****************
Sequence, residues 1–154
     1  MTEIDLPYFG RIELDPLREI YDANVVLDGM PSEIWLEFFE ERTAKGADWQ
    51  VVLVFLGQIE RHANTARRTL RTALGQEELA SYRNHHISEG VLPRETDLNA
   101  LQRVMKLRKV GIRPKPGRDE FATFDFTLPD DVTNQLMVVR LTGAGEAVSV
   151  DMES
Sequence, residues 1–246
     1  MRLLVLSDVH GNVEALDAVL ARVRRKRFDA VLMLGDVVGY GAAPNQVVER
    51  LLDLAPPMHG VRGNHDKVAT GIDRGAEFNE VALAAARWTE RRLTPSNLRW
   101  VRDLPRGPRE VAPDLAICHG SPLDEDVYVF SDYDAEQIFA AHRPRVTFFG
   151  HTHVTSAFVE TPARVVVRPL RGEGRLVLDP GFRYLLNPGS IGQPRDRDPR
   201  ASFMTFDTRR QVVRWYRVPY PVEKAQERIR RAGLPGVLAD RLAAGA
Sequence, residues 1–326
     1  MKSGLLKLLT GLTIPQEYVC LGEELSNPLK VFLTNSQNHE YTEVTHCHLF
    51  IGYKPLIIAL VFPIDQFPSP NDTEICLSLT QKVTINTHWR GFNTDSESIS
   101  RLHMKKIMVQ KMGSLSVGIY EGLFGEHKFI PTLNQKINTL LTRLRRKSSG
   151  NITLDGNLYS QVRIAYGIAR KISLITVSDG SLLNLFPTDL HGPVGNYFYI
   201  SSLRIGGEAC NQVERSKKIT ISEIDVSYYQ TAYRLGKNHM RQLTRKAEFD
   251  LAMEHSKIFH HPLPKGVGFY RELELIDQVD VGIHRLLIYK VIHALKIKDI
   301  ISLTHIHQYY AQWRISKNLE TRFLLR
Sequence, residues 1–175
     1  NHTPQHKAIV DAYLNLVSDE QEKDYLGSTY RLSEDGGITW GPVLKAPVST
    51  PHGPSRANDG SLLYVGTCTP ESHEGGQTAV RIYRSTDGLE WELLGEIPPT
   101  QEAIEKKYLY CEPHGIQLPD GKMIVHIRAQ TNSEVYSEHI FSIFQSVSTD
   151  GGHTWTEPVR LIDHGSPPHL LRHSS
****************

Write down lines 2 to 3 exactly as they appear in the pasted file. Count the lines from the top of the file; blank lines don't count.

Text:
     1  MTEIDLPYFG RIELDPLREI YDANVVLDGM PSEIWLEFFE ERTAKGADWQ
    51  VVLVFLGQIE RHANTARRTL RTALGQEELA SYRNHHISEG VLPRETDLNA